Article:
A new search engine called Indexeus sought to expose hackers and their exploits unless they “donated” $1 for every record that they wanted to conceal from public view. In response to the claim that this is extortion, Portuguese founder Jason Relinquo says the aim of Indexeus wasn’t blackmail but to expose security risks and data vulnerabilities.
The site, in somewhat awkward English, says the following about its purpose:
This is a service which provides easy access to hundreds of databases, which is very useful if you don’t want to bring your databases around or if you just don’t have any. The goal is to make people realize that using the same information all over is stupid and will lead to you getting your information stolen, but also showing you how badly administrators keep your private data stored. This can serve as a tool to see if your info has been compromised, but also as a way of doxing people easier. We do not tell you how to use it, that’s up to you, but keep in mind we do not endorse hacking of others accounts, but we will not stop this. You will have to do this yourself.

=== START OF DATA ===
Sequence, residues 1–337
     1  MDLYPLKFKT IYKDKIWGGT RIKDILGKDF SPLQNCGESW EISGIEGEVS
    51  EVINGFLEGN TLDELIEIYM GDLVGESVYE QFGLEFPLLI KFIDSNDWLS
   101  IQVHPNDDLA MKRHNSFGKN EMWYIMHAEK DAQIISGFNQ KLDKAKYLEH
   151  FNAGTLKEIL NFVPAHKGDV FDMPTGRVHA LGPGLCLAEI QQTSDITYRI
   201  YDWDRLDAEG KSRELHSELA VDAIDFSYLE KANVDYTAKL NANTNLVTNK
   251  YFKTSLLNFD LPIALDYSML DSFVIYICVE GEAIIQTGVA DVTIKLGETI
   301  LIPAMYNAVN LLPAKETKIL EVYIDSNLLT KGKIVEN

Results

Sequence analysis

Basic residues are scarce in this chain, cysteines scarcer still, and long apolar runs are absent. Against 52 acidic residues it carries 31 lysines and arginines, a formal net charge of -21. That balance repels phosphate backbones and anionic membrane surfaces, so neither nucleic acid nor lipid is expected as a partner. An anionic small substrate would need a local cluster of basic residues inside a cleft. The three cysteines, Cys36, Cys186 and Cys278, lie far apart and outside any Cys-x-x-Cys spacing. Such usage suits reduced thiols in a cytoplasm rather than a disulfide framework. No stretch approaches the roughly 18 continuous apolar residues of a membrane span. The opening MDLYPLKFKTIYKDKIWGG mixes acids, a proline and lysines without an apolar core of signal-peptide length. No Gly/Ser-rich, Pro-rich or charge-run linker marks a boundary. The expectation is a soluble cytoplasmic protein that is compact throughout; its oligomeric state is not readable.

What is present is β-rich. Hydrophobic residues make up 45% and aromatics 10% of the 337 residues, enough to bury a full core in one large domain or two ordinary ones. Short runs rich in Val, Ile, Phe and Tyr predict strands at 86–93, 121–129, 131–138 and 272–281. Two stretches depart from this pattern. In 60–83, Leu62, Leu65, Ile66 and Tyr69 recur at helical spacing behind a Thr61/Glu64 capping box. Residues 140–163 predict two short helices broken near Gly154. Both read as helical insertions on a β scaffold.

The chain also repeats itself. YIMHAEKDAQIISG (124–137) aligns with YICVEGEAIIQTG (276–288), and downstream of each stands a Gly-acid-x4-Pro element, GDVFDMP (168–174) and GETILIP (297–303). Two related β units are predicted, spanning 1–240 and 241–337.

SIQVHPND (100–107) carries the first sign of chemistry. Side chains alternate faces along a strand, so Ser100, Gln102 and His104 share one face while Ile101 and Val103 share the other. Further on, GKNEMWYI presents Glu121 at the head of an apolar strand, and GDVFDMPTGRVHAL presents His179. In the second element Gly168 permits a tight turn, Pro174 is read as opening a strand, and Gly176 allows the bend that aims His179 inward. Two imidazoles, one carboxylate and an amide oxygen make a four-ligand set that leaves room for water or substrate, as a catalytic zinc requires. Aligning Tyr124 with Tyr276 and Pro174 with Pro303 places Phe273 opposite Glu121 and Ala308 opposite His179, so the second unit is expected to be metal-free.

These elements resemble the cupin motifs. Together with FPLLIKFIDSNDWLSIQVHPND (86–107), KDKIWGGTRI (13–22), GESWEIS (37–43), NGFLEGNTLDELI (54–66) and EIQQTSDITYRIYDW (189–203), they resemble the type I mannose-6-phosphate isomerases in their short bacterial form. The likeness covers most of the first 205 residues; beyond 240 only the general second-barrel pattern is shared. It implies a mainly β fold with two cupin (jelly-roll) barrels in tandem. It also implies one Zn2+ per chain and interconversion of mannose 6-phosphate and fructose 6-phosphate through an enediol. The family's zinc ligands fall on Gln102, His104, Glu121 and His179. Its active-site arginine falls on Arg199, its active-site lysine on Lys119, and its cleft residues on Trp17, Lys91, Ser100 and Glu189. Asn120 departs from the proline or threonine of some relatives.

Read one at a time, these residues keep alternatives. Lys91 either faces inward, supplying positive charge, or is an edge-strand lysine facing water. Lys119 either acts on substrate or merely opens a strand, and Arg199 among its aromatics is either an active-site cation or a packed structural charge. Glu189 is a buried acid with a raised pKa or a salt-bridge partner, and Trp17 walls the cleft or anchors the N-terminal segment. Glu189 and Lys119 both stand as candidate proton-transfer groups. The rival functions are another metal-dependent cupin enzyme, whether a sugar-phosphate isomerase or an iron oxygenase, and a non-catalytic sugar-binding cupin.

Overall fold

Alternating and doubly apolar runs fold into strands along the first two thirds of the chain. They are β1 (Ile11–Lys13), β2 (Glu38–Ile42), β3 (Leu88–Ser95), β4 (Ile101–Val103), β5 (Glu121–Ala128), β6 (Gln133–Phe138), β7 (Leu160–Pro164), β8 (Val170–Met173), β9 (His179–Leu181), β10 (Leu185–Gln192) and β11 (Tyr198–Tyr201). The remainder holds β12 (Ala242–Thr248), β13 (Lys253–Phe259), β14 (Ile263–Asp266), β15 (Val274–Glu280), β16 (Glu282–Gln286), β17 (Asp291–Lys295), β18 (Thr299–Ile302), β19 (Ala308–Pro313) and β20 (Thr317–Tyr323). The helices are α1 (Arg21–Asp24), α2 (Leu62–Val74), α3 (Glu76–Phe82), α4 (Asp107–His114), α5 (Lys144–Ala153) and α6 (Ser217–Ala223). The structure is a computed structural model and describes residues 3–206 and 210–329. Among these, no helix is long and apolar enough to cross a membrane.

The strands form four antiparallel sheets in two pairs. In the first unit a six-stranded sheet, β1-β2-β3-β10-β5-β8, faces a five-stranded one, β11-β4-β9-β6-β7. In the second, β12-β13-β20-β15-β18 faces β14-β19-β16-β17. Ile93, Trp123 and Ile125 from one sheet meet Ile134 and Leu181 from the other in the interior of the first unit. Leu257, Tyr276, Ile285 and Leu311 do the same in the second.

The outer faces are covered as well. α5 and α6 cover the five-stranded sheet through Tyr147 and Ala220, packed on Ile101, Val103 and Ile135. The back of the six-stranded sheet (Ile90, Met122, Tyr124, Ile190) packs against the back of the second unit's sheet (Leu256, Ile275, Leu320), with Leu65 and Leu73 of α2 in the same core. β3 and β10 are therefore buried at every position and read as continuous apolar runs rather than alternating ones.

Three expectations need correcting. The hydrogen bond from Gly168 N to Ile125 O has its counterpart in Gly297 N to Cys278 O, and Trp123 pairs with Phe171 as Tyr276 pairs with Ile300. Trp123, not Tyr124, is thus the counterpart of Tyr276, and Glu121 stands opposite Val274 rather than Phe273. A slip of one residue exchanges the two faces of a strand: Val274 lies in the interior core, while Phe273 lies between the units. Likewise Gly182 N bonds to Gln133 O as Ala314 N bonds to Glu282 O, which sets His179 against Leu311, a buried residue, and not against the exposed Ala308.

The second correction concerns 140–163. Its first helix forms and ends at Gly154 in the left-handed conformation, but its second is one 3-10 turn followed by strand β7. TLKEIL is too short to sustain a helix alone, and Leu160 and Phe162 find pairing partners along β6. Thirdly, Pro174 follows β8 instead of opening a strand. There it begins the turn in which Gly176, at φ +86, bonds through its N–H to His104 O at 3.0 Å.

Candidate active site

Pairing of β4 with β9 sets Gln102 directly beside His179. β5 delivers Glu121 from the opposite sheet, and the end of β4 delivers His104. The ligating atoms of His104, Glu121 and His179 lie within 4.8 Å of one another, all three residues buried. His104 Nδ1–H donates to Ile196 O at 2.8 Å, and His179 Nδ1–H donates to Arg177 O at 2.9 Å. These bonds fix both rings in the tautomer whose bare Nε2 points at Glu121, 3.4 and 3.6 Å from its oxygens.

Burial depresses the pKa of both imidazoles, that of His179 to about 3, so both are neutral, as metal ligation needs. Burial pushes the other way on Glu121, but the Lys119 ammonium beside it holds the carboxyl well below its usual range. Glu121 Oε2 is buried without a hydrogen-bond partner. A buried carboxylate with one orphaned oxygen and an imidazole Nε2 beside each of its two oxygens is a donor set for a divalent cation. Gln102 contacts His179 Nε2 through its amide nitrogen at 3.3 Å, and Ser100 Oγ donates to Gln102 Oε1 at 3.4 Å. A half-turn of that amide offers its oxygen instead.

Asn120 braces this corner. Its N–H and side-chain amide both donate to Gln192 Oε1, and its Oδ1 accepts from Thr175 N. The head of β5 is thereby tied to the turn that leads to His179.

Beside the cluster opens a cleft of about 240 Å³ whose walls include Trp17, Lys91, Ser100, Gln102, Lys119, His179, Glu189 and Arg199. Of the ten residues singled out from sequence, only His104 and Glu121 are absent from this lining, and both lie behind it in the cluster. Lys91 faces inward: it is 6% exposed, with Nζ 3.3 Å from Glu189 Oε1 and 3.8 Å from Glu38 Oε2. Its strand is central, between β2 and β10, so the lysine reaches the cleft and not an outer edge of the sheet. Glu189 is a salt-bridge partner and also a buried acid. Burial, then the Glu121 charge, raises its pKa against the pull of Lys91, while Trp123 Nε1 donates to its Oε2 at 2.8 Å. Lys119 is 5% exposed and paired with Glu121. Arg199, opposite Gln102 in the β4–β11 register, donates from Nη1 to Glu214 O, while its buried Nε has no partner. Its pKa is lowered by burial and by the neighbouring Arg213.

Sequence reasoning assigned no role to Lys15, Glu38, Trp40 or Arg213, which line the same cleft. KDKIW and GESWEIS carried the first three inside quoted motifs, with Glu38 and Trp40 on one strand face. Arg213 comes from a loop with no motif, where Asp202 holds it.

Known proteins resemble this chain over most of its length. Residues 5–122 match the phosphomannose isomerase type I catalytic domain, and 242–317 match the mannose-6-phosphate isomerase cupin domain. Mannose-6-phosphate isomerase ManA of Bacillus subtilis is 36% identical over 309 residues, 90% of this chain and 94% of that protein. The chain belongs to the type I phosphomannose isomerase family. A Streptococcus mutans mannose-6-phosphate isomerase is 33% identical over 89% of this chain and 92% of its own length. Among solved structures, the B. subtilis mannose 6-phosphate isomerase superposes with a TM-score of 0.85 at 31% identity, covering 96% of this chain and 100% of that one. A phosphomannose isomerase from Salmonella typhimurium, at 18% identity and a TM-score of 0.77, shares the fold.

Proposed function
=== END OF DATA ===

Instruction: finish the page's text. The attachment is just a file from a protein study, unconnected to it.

The word “doxing” apparently means identifying hackers who may have caused the data breaches — “working backwards from someone’s various online personas to determine their real-life name, address and other personal data,” according to security expert Brian Krebs.
Apparently it’s now free to request removal of any record, per the “right to be forgotten.” Indexeus is EU-based.
Notwithstanding the extortion claim this sort of search engine and database could be very valuable to law enforcement and private security experts as a way to solving criminal hacking cases and to more quickly identify and address security problems and vulnerabilities.
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